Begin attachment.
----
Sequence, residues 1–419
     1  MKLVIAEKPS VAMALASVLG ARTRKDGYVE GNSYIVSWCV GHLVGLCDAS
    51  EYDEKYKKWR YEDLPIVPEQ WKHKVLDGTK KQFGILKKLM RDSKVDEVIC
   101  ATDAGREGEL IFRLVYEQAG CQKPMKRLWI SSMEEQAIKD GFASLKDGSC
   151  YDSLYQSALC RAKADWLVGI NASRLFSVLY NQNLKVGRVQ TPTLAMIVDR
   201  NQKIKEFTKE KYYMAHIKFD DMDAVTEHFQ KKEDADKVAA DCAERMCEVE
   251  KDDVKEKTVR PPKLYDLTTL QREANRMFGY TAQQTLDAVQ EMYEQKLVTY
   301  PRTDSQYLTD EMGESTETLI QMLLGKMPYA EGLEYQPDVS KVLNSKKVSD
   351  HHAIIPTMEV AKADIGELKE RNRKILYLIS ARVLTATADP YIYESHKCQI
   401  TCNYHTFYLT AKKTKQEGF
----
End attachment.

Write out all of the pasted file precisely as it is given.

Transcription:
Sequence, residues 1–419
     1  MKLVIAEKPS VAMALASVLG ARTRKDGYVE GNSYIVSWCV GHLVGLCDAS
    51  EYDEKYKKWR YEDLPIVPEQ WKHKVLDGTK KQFGILKKLM RDSKVDEVIC
   101  ATDAGREGEL IFRLVYEQAG CQKPMKRLWI SSMEEQAIKD GFASLKDGSC
   151  YDSLYQSALC RAKADWLVGI NASRLFSVLY NQNLKVGRVQ TPTLAMIVDR
   201  NQKIKEFTKE KYYMAHIKFD DMDAVTEHFQ KKEDADKVAA DCAERMCEVE
   251  KDDVKEKTVR PPKLYDLTTL QREANRMFGY TAQQTLDAVQ EMYEQKLVTY
   301  PRTDSQYLTD EMGESTETLI QMLLGKMPYA EGLEYQPDVS KVLNSKKVSD
   351  HHAIIPTMEV AKADIGELKE RNRKILYLIS ARVLTATADP YIYESHKCQI
   401  TCNYHTFYLT AKKTKQEGF